Cerebrospinal fluid (CSF) levels of the lysosomal protease, cathepsin D, significantly decreased following nusinersen treatment for spinal muscular atrophy (SMA), according to new findings published in the European Journal of Neurology.
The decline of cathepsin D occurred only in patients exhibiting a positive motor response to treatment, identifying the protein as a potential prognostic biomarker for SMA. Researchers conducted a 2-step prospective study to identify potential biomarkers in pediatric patients diagnosed with SMA at the university hospitals of Essen and Freiburg in Germany.
In the discovery phase, they obtained CSF samples on days 1, 14, and 180 from a small cohort of 3 patients with SMA type 1. Day 1 indicated nusinersen treatment initiation. Using untargeted Western blot and enzyme-linked immunosorbent assay profiling techniques, the researchers identified 5 potential biomarkers that demonstrated significant dysregulation during treatment—cathepsin D, cyclophilin A, insulin-like growth factor-binding protein-like 1 (IGFBPL1), and peripheral neurofilament H (pNF-H) and peripheral neurofilament L (pNF-L).
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In the validation analysis, they examined CSF samples collected on days 1, 60, and 300 from a larger cohort of 31 patients including all SMA types (type 1=12, type 2=9, type 3=6). The researchers correlated candidate biomarker levels with a positive response to nusinersen treatment as reflected by improved motor function.
Cyclophilin A, IGFBPL1, and pNF-H were unsuitable as prognostic biomarkers in SMA. In contrast, cathepsin D CSF levels decreased significantly following 300 days of nusinersen treatment regardless of SMA disease type; however, declines occurred only in patients who started nusinersen treatment after 2 months of age.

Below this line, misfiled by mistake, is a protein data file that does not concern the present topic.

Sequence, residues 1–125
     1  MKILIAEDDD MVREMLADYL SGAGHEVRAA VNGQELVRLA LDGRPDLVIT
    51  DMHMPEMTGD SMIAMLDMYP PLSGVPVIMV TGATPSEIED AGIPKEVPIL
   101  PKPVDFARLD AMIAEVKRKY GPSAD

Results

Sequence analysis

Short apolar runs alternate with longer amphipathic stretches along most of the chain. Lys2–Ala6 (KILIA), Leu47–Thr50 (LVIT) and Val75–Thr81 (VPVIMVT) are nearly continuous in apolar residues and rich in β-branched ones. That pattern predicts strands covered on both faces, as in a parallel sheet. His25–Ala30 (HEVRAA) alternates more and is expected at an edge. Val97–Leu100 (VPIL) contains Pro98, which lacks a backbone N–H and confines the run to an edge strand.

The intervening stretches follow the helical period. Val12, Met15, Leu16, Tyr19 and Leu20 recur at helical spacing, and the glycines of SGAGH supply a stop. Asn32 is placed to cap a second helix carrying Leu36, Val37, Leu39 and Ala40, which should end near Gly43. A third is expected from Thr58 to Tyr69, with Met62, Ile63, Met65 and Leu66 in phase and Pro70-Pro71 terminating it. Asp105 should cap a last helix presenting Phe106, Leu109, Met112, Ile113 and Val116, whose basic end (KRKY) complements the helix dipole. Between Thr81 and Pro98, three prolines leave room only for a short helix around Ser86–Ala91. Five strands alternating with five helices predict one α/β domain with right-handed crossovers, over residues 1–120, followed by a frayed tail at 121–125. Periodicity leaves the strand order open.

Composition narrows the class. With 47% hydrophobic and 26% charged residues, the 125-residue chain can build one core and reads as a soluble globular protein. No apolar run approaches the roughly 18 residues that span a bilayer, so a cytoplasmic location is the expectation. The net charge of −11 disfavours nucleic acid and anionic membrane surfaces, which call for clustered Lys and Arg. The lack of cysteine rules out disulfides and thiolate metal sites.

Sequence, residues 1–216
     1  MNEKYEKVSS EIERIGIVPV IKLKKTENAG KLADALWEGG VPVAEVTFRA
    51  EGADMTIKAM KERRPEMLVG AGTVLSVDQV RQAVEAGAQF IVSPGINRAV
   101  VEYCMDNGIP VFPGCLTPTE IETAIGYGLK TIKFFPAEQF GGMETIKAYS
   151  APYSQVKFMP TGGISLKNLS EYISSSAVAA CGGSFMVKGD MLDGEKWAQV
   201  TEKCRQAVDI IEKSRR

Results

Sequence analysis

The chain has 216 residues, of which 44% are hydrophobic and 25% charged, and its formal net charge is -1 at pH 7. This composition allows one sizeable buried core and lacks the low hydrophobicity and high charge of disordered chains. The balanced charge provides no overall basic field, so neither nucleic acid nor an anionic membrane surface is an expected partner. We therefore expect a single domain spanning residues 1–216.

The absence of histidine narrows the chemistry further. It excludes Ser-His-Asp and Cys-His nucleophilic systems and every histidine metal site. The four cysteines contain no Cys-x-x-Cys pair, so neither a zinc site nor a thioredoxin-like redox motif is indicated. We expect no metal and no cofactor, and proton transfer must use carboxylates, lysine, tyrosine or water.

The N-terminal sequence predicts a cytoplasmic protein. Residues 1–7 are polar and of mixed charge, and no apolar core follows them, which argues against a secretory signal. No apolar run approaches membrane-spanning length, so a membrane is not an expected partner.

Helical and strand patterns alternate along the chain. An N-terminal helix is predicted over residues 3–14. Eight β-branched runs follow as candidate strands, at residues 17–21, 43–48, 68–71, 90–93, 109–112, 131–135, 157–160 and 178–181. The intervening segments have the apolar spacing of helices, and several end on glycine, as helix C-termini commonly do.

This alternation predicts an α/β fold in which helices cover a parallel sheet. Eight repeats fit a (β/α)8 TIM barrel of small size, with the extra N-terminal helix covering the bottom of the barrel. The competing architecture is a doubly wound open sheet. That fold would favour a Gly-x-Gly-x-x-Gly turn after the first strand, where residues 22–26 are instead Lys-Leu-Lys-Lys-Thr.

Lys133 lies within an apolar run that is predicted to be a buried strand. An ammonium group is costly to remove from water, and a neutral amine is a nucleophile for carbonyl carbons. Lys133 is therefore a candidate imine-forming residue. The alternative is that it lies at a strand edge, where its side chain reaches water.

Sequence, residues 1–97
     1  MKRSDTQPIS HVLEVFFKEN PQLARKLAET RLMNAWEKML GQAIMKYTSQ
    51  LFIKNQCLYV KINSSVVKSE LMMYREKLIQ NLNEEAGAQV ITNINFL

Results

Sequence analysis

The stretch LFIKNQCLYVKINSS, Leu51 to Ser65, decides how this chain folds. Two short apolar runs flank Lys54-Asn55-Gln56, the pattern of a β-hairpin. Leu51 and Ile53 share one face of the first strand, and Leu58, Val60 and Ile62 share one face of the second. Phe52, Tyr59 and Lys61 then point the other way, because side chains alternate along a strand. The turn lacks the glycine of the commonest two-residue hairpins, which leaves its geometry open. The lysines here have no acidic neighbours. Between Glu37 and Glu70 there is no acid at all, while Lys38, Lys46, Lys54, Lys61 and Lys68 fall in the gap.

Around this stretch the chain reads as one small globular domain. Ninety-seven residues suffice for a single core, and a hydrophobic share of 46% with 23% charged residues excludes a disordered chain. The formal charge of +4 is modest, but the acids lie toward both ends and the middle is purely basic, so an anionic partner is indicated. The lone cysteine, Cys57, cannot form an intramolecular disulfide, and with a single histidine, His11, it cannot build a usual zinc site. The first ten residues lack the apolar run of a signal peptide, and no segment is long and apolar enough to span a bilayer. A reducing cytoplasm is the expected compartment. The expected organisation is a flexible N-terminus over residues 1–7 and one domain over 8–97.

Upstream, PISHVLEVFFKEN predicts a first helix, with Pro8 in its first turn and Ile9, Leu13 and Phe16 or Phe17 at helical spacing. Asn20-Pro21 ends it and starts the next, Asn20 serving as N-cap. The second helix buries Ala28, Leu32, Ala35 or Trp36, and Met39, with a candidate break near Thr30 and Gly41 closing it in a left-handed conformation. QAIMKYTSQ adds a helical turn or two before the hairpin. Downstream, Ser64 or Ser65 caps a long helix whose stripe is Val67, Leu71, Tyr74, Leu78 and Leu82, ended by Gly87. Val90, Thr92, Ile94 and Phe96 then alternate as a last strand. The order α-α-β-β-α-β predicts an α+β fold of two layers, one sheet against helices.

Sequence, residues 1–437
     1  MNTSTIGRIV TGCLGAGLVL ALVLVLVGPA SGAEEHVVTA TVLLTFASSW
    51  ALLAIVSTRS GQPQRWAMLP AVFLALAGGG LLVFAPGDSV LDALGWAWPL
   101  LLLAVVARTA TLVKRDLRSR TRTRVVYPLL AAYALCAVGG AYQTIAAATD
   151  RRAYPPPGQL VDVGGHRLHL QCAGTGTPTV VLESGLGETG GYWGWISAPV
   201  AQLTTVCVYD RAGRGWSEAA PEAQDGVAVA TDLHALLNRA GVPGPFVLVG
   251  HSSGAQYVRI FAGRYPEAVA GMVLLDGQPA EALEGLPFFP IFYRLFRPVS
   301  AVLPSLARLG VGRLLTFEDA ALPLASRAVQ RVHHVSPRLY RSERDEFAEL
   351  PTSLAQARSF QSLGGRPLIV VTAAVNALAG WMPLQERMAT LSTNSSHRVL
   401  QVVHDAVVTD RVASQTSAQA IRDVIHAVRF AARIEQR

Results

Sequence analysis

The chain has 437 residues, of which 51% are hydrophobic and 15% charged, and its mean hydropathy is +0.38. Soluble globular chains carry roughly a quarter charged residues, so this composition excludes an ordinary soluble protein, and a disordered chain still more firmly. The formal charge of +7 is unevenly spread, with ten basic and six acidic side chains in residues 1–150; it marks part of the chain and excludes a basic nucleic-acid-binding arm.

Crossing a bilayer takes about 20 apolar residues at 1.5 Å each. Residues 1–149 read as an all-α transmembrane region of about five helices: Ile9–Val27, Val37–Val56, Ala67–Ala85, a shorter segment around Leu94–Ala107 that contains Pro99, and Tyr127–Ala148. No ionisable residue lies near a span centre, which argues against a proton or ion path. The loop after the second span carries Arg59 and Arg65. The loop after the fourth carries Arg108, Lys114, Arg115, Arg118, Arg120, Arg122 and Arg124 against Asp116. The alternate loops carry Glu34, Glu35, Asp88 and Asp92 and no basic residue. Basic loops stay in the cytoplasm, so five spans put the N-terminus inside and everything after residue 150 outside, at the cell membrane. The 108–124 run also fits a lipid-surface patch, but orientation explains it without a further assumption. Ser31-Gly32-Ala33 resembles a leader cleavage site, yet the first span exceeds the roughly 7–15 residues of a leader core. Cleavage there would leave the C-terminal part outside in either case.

Positive motor responses occurred in patients whose cathepsin D levels declined compared with patients deemed “nonresponders” (126.0±25.4 ng/ml vs 150.3±38.3 ng/ml; P =.082). When only applying the Children’s Hospital of Philadelphia Infant Test of Neuromuscular Disorders scores to analyze treatment response, the difference in cathepsin D levels between groups reached statistical significance (124.4±26.7 ng/ml vs 167.1±27.1 ng/ml; P =.015).
Most “nonresponder” patients began treatment at older ages, suggesting an already significant loss of motor units prior to treatment initiation. Muscle biopsies confirmed the downregulation of cathepsin D, also suggesting its potential use as a tissue marker in SMA. Additionally, the researchers noted a correlation between decreasing cathepsin D and pNF-L levels in patients older than 12 months at treatment initiation.
“Combined analysis of pNFL-L and Cathepsin D therefore might be suitable as a biomarker of motor response in patients [with SMA] from 12 months of age to adolescence,” the authors said.
Schorling DC, Kölbel H, Hentschel A, et al. Cathepsin D as biomarker in CSF of nusinersen-treated patients with spinal muscular atrophy. Eur J Neurol. Published online March 23, 2022. doi:10.1111/ene.15331